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Alleged secret detentions and unlawful inter-state transfers involving Council of Europe member states

Parliamentary Assembly
Assemblée parlementaire

AS/Jur (2006) 16 Part II
7 June 2006

Committee on Legal Affairs and Human Rights

Draft report – Part II (Explanatory memorandum)
Rapporteur: Mr Dick Marty, Switzerland, ALDE

C.       Explanatory memorandum

      by Mr Dick Marty, Rapporteur

7.        Individual cases: judicial proceedings in progress

7.1.        A positive example: the Milan public prosecutor's office (Abu Omar case)

237. In this case, the Italian judicial authorities and police have shown great competence and remarkable independence in the face of political pressures. A competence and independence already proven during the tragic years stained with blood by terrorism. The Milan public prosecutor's office was able to reconstitute in detail a clear case of ‘rendition’ and a regrettable example for the lack of international cooperation in the fight against terrorism201. As I have already said202, the Italian judicial authorities have brought international arrest warrants against 22 American officials. In addition, the ongoing investigation seems to be in the process of showing that operatives belonging to the Italian services have participated in the operation.

7.2.        A matter requiring further attention: the Munich (El-Masri case) and Zweibrücken (Abu Omar case) public prosecutors' offices

238. The German justice system gave its attention to the Abu Omar and El-Masri cases in terms of criminal proceedings for abduction against persons unknown. In the first-named case, normal co-operation took place with the Milan public prosecutor's office. As I have already stated, in my information memorandum of January 2006, the Zweibrücken public prosecutor's office came up against a total lack of co-operation by the American authorities, which refused to provide any information on what had happened at the Ramstein base.

239. Where the second case is concerned, I have already203 given some information showing that certain serious investigative measures have already been taken and that more remains to be done, especially in relation to the witnesses named by him and to clarification of the possible role played by the various German intelligence services.

7.3.        Another matter requiring further attention: the Al Rawi and El Banna case

240. Where the case of Al Rawi and El Banna is concerned, the British justice system has had to deal with an application by the families of the persons concerned attempting to force the UK government to intercede with the US government to obtain the release of both men, who are still held at Guantánamo Bay. It was in the framework of this procedure that the telegrams proving that MI5 was involved in the two men's arrest in Gambia came into the public domain. After proceedings had begun, the UK authorities agreed to intercede on Mr Al Rawi’s behalf, but not on that of his fellow detainee, Mr El Banna, although he had been arrested for the same reasons with the assistance of the UK services. In May 2006, the action was dismissed by the court of first instance.

241. In view of the circumstances which have led up to the arrest of these two men, on may think that the UK government is under at least a moral and political obligation to do everything in its power to actively intercede to secure their release from Guantanamo so that they can return to the country.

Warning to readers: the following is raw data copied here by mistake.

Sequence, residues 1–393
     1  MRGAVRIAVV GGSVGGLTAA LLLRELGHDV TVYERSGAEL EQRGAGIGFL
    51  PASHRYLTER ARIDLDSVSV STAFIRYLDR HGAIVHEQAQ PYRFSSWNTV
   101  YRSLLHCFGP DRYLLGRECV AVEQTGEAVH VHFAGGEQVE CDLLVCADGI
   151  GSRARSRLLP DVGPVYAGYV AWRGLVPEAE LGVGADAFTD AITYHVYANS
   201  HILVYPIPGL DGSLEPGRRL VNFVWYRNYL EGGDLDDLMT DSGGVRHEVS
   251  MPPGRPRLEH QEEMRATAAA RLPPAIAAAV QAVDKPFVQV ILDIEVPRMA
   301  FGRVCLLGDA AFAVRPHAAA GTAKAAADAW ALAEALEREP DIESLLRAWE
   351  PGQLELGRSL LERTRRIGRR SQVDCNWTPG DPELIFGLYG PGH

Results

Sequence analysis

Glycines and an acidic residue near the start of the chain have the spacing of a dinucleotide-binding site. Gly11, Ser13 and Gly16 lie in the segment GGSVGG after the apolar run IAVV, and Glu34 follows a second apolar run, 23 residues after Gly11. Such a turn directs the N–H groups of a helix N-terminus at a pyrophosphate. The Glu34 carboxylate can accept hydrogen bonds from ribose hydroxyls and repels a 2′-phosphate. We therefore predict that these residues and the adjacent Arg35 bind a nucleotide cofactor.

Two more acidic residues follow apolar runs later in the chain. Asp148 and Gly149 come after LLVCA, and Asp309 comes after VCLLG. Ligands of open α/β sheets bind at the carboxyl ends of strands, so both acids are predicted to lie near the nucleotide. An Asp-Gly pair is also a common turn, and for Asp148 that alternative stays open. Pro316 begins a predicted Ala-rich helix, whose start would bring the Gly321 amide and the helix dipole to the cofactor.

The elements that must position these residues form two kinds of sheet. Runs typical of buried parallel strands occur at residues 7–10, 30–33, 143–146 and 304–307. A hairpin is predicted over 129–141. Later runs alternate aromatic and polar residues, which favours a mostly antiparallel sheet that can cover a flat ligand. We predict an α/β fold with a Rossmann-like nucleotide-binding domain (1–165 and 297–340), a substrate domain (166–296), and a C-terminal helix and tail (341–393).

7.4.        Sweden: what next in the Agiza and Alzery case?

242. Sweden was condemned by the UN Committee against Torture in respect of the case of Mr Agiza and Mr Alzery, which led to an investigation by the parliamentary ombudsman, Mr Mats Melin. He noted that a preliminary investigation by the judicial authorities had culminated in the termination of the proceedings204.

243. According to some criticisms, which do not appear unfounded, different aspects of the case need further investigation. This disguised extradition, without any possibility of appeal and judicial scrutiny, and the ill-treatment at Bromma airport, still on the ground, under the eyes of Swedish officials, as well as the incomplete information provided to UN-CAT are serious matters which require that the whole truth be exposed.

7.5.        Spain

244. The Palma de Mallorca public prosecutor's office has begun an investigation following the transmission of a Guardia Civil file containing the names of the passengers on the aircraft which took off from the local airport bound for Skopje, where they were most likely joined by Mr El-Masri and flown on to Afghanistan205.

7.6.        Mr El-Masri’s complaint in the United States

245. With the assistance of the American Civil Liberties Union206, Mr El-Masri has taken judicial action in Alexandria, in Virginia, seeking compensation from the CIA. On 19 May 2006, his complaint was rejected by the court of first instance, without a ruling on the merits of his application, as the court accepted the US government's argument that continuation of the proceedings would have jeopardised national security. In the course of the trial, the CIA’s secret methods would indeed become the subject of discussions before the court.

201 I talked to Chief Prosecutor Mr Spataro for several hours and I wish to thank him for being so generous with his time.

202 In para. 162

203 In para. 103

204 See above, para. 152

205 I have in my possession a copy of this list, but I have no information on the state concerned.

206 I should like to thank the ACLU for making detailed documentation about this case available to me.